This PR was motivated by wanting to make llvm.annotation be consider side-effects free. That intrinsic is defined as:

def int_annotation : DefaultAttrsIntrinsic<
    [llvm_anyint_ty],
    [LLVMMatchType<0>, llvm_ptr_ty, llvm_ptr_ty, llvm_i32_ty],
    [IntrInaccessibleMemOnly], "llvm.annotation">;

and documented as:

The first argument is an integer value (result of some expression), the second is a pointer to a global string, the third is a pointer to a global string which is the source file name, and the last argument is the line number. It returns the value of the first argument.

So the intrinsic can read the arguments but it should not be able to modify their values. Nor does it need to modify global memory. So would marking that intrinsic with the readonly attribute be acceptable ?

That depends on the precise semantics @llvm.annotation is supposed to have, with which I'm not familiar, and which LangRef does not specify particularly clearly. Is it okay to drop an @llvm.annotation() whose return value is not used? If "no", then marking it readonly is not possible, it will be dropped as dead code. Is it okay to hoist @llvm.annotation() inside an unconditional loop header out of the loop? If "no", then dropping inaccessiblememonly is not possible either (being non-speculatable would prevent hoisting out of a conditional loop header, but not an unconditional one).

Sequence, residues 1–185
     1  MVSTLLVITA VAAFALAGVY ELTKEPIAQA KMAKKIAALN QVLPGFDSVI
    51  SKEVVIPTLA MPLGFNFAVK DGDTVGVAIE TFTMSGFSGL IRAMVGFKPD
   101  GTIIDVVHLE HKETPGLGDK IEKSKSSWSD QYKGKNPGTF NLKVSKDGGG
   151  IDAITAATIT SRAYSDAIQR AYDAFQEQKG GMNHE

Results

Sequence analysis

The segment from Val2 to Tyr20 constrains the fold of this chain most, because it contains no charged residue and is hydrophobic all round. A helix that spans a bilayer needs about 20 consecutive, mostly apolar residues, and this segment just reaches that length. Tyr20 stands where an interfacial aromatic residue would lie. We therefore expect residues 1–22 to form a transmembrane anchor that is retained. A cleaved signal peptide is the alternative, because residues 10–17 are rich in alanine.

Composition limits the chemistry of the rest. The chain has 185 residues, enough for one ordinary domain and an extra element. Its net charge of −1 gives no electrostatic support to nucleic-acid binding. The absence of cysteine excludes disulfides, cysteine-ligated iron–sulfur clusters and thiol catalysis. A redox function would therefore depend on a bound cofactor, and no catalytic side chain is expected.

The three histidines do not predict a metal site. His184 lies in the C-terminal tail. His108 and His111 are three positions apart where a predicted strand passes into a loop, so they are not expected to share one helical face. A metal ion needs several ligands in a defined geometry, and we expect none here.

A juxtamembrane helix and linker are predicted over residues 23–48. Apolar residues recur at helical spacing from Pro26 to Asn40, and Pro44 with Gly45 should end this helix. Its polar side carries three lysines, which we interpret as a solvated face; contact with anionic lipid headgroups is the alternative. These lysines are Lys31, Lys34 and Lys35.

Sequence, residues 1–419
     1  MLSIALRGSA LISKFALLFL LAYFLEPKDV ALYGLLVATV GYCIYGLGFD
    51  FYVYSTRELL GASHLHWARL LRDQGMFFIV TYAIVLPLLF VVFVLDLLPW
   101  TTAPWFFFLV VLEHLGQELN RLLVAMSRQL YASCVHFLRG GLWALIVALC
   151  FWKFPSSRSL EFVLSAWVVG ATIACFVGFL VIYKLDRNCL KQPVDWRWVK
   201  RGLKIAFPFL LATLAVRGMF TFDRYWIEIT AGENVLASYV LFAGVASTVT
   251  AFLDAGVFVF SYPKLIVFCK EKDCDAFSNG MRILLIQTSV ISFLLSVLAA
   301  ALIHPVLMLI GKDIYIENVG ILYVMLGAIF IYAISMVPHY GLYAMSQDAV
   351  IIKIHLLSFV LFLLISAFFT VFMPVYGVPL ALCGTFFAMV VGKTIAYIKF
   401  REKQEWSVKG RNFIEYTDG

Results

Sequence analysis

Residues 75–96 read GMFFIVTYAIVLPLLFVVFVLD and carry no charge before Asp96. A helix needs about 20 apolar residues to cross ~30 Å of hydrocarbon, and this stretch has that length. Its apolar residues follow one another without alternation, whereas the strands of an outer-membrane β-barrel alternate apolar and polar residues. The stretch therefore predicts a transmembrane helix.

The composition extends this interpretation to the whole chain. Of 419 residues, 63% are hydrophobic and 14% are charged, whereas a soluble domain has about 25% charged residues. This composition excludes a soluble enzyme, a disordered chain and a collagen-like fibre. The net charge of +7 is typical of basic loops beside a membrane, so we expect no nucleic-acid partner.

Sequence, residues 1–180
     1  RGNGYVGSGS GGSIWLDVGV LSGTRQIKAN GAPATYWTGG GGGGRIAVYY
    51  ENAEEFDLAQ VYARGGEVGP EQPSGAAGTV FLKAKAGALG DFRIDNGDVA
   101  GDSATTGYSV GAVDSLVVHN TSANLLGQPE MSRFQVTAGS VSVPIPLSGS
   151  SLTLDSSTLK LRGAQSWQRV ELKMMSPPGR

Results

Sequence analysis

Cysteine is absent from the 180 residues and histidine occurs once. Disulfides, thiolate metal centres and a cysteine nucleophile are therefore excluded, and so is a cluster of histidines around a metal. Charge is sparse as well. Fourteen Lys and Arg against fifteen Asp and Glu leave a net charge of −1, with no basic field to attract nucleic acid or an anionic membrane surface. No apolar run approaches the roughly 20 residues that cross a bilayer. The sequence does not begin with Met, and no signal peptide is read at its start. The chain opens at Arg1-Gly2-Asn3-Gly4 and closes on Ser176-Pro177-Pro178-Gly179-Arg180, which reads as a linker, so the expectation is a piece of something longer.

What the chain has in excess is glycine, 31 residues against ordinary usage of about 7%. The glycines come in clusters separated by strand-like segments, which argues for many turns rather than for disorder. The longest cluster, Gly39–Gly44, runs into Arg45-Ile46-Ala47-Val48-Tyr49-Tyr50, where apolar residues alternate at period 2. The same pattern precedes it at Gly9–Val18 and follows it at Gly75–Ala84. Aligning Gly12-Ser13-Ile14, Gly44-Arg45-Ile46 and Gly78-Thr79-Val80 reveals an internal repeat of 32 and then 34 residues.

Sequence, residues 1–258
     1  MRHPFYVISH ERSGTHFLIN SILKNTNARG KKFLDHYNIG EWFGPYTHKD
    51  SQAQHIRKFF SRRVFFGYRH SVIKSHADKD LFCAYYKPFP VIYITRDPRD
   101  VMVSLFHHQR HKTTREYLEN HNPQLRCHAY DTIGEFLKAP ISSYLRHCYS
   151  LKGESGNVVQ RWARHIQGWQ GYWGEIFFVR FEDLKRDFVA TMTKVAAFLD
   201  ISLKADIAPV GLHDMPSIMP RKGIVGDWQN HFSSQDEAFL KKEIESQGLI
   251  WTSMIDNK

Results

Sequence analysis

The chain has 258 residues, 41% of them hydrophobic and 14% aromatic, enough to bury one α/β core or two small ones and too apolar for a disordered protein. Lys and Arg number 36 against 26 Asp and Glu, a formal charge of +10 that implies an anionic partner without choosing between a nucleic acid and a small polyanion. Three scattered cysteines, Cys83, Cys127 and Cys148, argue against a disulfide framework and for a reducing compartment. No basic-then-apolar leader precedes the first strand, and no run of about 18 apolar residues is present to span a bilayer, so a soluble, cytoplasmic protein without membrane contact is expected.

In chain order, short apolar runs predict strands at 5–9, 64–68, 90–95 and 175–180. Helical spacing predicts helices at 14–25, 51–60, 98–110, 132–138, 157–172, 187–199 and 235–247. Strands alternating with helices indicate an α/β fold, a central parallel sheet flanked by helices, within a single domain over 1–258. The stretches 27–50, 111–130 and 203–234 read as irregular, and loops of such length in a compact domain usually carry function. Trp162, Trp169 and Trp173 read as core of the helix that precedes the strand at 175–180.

That depends on the precise semantics @llvm.annotation is supposed to have, with which I'm not familiar, and which LangRef does not specify particularly clearly. Is it okay to drop an @llvm.annotation() whose return value is not used? If "no", then marking it readonly is not possible, it will be dropped as dead code. Is it okay to hoist @llvm.annotation() inside an unconditional loop header out of the loop? If "no", then dropping inaccessiblememonly is not possible either (being non-speculatable would prevent hoisting out of a conditional loop header, but not an unconditional one).

Indeed. The llvm.annotation documents states:

This intrinsic allows annotations to be put on arbitrary expressions with arbitrary strings. This can be useful for special purpose optimizations that want to look for these annotations. These have no other defined use; they are ignored by code generation and optimization.

The sentence "they are ignored by code generation and optimization" makes me think the intrinsics should not have side-effects because if it had then it could not be ignored by optimizations.

If the motivation is to make only llvm.annotation to be considered side-effect free, why not make onlyReadsMemory/doesNotReadMemory return the expected value?
(semantics are weird. Dpes onlyReadsMemory impy that it does read from memory)?